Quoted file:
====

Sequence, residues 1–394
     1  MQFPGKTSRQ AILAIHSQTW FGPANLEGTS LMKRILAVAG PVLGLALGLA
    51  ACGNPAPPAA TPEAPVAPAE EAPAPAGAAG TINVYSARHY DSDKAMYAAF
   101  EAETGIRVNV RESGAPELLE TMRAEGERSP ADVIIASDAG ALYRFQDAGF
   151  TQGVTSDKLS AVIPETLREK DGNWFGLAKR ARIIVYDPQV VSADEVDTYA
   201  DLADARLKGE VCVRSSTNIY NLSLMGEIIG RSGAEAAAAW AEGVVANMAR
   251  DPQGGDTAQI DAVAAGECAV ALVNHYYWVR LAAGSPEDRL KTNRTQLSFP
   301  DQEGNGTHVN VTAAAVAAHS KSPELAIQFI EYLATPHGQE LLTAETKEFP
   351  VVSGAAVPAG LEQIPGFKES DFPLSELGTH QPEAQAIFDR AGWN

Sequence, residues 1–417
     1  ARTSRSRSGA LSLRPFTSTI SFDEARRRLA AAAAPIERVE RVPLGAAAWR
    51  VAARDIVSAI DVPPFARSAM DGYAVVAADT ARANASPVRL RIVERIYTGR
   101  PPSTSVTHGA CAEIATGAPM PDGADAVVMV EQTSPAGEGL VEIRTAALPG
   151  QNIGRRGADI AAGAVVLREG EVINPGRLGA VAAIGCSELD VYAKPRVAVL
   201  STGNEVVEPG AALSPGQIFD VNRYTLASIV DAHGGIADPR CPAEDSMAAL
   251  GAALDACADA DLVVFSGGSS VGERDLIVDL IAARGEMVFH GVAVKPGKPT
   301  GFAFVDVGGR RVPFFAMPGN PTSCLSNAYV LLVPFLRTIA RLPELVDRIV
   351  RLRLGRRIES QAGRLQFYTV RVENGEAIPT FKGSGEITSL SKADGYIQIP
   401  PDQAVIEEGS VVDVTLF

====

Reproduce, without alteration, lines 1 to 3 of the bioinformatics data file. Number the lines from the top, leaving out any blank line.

Sequence, residues 1–394
     1  MQFPGKTSRQ AILAIHSQTW FGPANLEGTS LMKRILAVAG PVLGLALGLA
    51  ACGNPAPPAA TPEAPVAPAE EAPAPAGAAG TINVYSARHY DSDKAMYAAF